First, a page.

I think many people of my profession got recommended a certain article by Medium in their weekly digest. The launch-introduction post by Garden got my attention too. I’ve been trying to figure out how to deal with developing on Kubernetes, so every drop of information in that regard is much welcome.
What I expected
I wanted Garden to make developing “in the cloud” as easy as they claim it it. Not having to run potentially very heavy stuff locally in Docker is a very nice prospect. I could add a list of “I’m looking at you”s, but while Elasticsearch and Yarn (building) come to mind at first, the long tail is long.
So what I hoped to get was a way to easily sync into a Kubernetes cluster without breaking already present production stuff, but still getting a quick feedback loop. Of course instant feedback, like developing locally with JS hot reloading or a REPL language may be too much to hope for, but dreams are good.
What I didn’t get
Let’s get over with the sour bits. My biggest problem with Garden is that it has no convenient way to deal with Kubernetes Secrets at this point. This isn’t a problem as long as you don’t need it, but as soon as there is a database to connect to or IAM credentials to inject, it gets painful. Garden can define secrets on its own, but as far as I could see, referencing existing secrets is not possible.
Another annoyance is that with
garden dev, every single change triggers a new rebuild. So if you’re editing multiple files in parallel (for example a model and the corresponding controller, or frontend API definitions and store mappings), then three saves will mean having to wait for three builds to finish until you can be sure the remote is up to date. Since I’m reflexively hitting ctrl+s every few lines, I often had 3-4 rebuilds queued up working on a single file. I understand how cancelling running builds might be troublesome, but I don’t think a queue is necessary. Just have “the currently running build” and “the next build.”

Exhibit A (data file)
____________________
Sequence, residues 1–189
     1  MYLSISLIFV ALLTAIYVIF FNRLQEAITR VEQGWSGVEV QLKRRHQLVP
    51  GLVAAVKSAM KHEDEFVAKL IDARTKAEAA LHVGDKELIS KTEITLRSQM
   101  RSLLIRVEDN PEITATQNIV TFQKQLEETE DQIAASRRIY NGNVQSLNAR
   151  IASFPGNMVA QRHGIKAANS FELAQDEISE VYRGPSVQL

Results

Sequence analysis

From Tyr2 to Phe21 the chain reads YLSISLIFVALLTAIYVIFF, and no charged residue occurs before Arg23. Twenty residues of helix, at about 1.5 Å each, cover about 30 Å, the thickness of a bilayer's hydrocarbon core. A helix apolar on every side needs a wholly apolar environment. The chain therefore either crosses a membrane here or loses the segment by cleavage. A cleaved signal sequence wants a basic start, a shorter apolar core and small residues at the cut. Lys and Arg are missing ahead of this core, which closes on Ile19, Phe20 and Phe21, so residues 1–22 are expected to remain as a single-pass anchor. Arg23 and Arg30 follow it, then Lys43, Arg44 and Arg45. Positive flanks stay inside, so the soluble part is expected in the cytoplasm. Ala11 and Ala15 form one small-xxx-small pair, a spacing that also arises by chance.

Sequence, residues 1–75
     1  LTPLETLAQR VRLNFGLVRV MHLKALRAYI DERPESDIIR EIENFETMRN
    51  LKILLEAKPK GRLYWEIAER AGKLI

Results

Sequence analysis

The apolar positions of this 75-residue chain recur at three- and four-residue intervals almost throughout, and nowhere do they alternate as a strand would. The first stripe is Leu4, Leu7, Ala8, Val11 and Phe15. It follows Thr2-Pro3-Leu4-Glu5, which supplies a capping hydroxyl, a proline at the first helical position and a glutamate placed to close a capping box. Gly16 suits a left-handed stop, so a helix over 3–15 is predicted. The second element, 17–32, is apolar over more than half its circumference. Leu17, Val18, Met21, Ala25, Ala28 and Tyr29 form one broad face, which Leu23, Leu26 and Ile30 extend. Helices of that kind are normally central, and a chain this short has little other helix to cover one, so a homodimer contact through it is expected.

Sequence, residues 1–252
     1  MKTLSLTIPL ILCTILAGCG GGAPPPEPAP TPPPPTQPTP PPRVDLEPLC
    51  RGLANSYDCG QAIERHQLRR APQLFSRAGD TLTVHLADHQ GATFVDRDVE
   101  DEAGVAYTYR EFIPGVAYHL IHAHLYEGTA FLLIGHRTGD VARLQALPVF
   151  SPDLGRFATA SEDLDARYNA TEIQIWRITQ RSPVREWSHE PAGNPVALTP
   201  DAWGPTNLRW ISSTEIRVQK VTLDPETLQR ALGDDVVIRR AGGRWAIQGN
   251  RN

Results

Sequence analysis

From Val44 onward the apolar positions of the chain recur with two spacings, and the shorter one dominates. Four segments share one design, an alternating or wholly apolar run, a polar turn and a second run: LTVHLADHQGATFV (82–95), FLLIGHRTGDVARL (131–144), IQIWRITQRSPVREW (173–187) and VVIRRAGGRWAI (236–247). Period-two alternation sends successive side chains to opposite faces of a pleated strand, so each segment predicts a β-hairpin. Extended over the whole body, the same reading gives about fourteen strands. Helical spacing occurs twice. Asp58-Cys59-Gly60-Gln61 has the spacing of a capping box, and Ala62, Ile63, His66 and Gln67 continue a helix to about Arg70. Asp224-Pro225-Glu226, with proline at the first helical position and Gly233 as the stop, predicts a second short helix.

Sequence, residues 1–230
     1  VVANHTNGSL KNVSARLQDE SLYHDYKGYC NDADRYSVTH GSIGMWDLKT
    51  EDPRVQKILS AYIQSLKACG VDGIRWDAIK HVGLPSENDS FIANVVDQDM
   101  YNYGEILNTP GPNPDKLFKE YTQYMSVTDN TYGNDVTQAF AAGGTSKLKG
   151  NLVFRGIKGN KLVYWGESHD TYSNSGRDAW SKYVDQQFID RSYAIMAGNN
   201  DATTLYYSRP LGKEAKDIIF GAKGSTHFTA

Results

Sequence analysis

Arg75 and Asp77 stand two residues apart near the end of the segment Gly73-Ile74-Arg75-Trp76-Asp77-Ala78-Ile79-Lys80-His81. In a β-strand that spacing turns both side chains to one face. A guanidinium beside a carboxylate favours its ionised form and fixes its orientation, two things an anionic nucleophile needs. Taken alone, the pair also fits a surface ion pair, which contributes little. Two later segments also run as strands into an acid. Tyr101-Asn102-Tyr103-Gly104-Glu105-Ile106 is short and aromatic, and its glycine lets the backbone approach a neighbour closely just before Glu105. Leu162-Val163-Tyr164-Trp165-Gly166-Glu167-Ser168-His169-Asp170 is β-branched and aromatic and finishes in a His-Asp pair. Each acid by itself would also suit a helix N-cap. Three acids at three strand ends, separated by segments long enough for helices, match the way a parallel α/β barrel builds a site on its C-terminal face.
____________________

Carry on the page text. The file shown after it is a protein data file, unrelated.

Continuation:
I’m a Digital Ocean user (writing this post on a single-node self-managed k3s “cluster”), and Garden’s in-cluster building currently doesn’t seem to work with DO’s managed Kubernetes. There’s already an issue for it though, so hopefully it gets fixed soon. It worked without problems on GKE.
tlsCertificate secrets have to reside in the namespace that Garden creates for the project. This is probably a bug, since the config has a namespace field for the
secretRef, but it doesn’t seem to work.
What I got
It’s just plain impressive. I was testing it out with a Svelte template app to see how things work, and I was blown away. While the
rsync-based hot reloading feature had some weird hiccups (sorry I don’t have the logs at hand anymore), I’m not sure if that was an issue with my setup or what. Even without the
--hot-reload option, changes got reflected quite quick (between 5 and 15sec).
The setup is easy. Just pipe curl into bash (haha)! Then for K8s it’s necessary to initialize the cluster with garden plugin kubernetes cluster-init. Usually this is a one-time thing, but certain changes to project garden.yml’s may require running it again (such as enabling the nginx ingressController).
Writing said yaml’s isn’t complicated either. After setting up cluster certificate generation with cert-manager, this was all I needed to get going. The
tlsCertificate bit is optional, but I like my stuff HTTPS.
Things to find out
I still don’t know how resource-hungry this all is. Since it does in-cluster image building, and the dashboard showed the garden-system namespace eat quite a lot of memory, I’m kinda glad I didn’t try it on my k3s node. It ran without issue backed by 3 nodes on GKE.
Another thing I’d like to play with is doing Clojure REPL-based development paired with Garden’s rsync hot reloading. I’d have Garden sync the files, and I could do (reload) in the REPL once I figure the sync is done (which should be pretty fast). Unlike the rebuild-redeploy without hot reloading, this wouldn’t break the REPL connection, making it a really exciting possibility.